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A dirty way to fight climate change

A promising strategy: Store carbon in the soil.

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Switch to compact fluorescent light bulbs and plant a tree – these are the most popular strategies for mitigating climate change today.

Yet world leaders gathering for the climate-change summit in Bali, Indonesia, next week should consider an alternative. It's one of the most overlooked yet most effective and inexpensive strategies available: Store carbon in the soil.

This is one way the earth has managed carbon since it began. The earth's soil contains the second-largest quantity of carbon, where it has been the most stable and least vulnerable to fires and climate changes. (The largest amount is dissolved in oceans.)

Planting trees sounds like a flawless solution: Trees absorb carbon, after all. But it can actually be quite harmful, even dangerous. Soil needs "riches" such as carbon, organic matter, and mineral nutrients, and they come in part from the "litter" left by plants that grow and die annually on the land. By planting trees in soils that were created by other, more productive plants (e.g., prairie and wetland plants that used to occupy some of today's farmland), less litter is produced. That means less carbon and organic matter are contributed to the soil, causing it to deteriorate.

In some areas, planted trees can dewater the soil. They can also release nitrogen and phosphorous in runoff that enters rivers, lakes, and estuaries and hurts water quality. More worrisome, some forested areas are becoming more vulnerable to wildfires, because changing precipitation patterns and the associated drying effects are creating a tinderbox. These changes appear to be resulting in bigger and more frequent fires (e.g., very recently in California).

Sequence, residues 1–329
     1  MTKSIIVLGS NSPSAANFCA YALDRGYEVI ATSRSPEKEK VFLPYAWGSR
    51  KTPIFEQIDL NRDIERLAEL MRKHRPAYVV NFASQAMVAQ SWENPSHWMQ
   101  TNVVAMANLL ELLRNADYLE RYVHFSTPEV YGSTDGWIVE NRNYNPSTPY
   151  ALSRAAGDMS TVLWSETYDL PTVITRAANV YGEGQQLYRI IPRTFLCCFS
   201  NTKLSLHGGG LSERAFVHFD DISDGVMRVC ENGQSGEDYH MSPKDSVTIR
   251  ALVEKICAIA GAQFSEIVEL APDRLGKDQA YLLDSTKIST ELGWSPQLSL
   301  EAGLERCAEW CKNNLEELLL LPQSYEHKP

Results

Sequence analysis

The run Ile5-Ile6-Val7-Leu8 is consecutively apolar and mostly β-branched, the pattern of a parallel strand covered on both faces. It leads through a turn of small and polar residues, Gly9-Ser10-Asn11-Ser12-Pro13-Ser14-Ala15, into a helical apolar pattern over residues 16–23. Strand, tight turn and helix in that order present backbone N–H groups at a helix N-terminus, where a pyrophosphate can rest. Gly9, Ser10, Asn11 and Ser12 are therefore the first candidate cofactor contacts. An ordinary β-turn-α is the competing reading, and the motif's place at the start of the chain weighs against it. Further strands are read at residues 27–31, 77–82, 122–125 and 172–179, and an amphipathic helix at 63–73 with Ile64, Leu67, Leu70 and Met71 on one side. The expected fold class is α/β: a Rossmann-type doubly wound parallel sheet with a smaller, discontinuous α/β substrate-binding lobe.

Ecological lesson No. 1 is that we should plant trees only where the soils will benefit from it.

The corollary, lesson No. 2, is not to plant trees where inappropriate, for example, in farmland that used to be wetlands and grasslands. Native, deep-rooted plants should be grown in those areas instead, since they enrich the soil – with carbon, among other things – more quickly.

Lesson No. 3 is that, in the face of drought and increased wildfires, rebuilding soils is a safer strategy for storing carbon.


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